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Need help trying to clone old SSD with possible corruption to new SSD - rescue media on flash drive not seen in setup

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Beginner
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I have Asus Zenbook laptop running Windows 10 Home.  Used Acronis 2016 to create rescue disk on USB thumb drive. Trying to clone old SSD 256GB to new SSD 500GB, but cannot get Windows to boot from thumb drive (setup does not show any boot options).

Old SSD appears to have errors that are not being detected by chkdsk.  With old SSD in USB enclosure and new blank SSD internal, PC tries to boot from old SSD.  Displays messages: Preparing automatic repair, Diagnosing your PC, Windows did not start correctly.  Displays menu with various options.

I tried getting to safe mode but reboot repeats above loop.

I'm not sure what to try next.

Carolyn

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#1

Carolyn, welcome to these public User Forums.

Before doing anything else, I would strongly recommend making a full disk backup of the original SSD with the possible corruption!  This is your safety net before doing any further actions!

Next, with the original SSD still installed and able to boot into Windows 10, run the command: msinfo32 from the desktop and confirm what the BIOS mode is for the laptop?  This should show as either UEFI for more recent systems, or else as either Legacy or the make of the SSD drive for older systems.   This is important as any boot from the Acronis Rescue Media needs to also use the same BIOS mode to boot.

See KB 59877: Acronis True Image: how to distinguish between UEFI and Legacy BIOS boot modes of Acronis Bootable Media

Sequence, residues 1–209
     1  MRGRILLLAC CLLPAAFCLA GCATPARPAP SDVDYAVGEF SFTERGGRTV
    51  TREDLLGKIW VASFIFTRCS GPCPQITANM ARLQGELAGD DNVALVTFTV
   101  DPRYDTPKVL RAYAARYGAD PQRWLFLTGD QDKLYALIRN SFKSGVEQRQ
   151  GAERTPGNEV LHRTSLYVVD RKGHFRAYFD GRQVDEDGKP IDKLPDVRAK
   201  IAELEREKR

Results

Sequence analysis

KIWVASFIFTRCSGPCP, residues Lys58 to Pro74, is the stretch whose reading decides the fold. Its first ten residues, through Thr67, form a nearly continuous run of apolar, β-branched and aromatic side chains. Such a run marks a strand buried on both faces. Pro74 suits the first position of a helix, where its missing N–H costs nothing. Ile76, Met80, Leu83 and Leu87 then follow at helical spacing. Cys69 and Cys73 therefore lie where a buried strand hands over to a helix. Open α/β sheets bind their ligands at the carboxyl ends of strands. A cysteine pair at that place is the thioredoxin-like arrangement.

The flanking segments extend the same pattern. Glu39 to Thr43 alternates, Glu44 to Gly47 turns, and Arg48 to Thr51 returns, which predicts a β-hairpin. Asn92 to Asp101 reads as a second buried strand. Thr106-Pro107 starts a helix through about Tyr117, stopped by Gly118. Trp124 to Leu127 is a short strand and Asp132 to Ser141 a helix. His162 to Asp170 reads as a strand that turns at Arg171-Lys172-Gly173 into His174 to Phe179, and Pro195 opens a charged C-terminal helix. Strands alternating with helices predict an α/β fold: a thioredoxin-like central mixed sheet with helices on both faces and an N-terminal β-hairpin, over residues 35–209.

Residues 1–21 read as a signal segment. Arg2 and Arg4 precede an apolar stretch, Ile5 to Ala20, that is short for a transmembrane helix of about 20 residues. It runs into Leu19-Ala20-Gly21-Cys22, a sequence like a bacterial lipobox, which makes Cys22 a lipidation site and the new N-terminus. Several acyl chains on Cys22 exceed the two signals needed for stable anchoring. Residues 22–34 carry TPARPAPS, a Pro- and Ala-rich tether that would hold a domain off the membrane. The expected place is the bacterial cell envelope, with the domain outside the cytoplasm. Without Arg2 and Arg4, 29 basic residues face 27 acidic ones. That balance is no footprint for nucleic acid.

The next question is: what type of SSD is installed in the laptop?  You can find the answer to this again using msinfo32 by expanding the Components section, then Storage > Disks which will list all installed / connected disk drives.

If your SSD is a newer PCIe type card drive (NVMe M.2 or eSATA drive) then you will probably need to use the Windows PE version of the Acronis Rescue Media in order to have support for this type of drive.  It is also possible that your laptop does not support booting from Linux based rescue media if it has UEFI Secure Boot enabled in the BIOS, so again WinPE media will be required.

See KB 56610: Acronis True Image 2016: Creating Bootable Media - for details of the options for creating WinPE media.

The MVP Custom PE Builder tool (link in my signature) can be used to create WinPE media using your Windows 10 Recovery Environment files, which is the tool I would recommend using here.

Because you are working with a laptop please see KB 56634: Acronis True Image: how to clone a disk - and review the step by step guide given there.

Note: the first section of the above KB document directs laptop users to KB 2931: How to clone a laptop hard drive - and has the following paragraph:

It is recommended to put the new drive in the laptop first, and connect the old drive via USB. Otherwise you will may not be able to boot from the new cloned drive, as Acronis True Image will apply a bootability fix to the new disk and adjust the boot settings of the target drive to boot from USB. If the new disk is inside the laptop, the boot settings will be automatically adjusted to boot from internal disk. As such, hard disk bays cannot be used for target disks. For example, if you have a target hard disk (i.e. the new disk to which you clone, and from which you intend to boot the machine) in a bay, and not physically inside the laptop, the target hard disk will be unbootable after the cloning.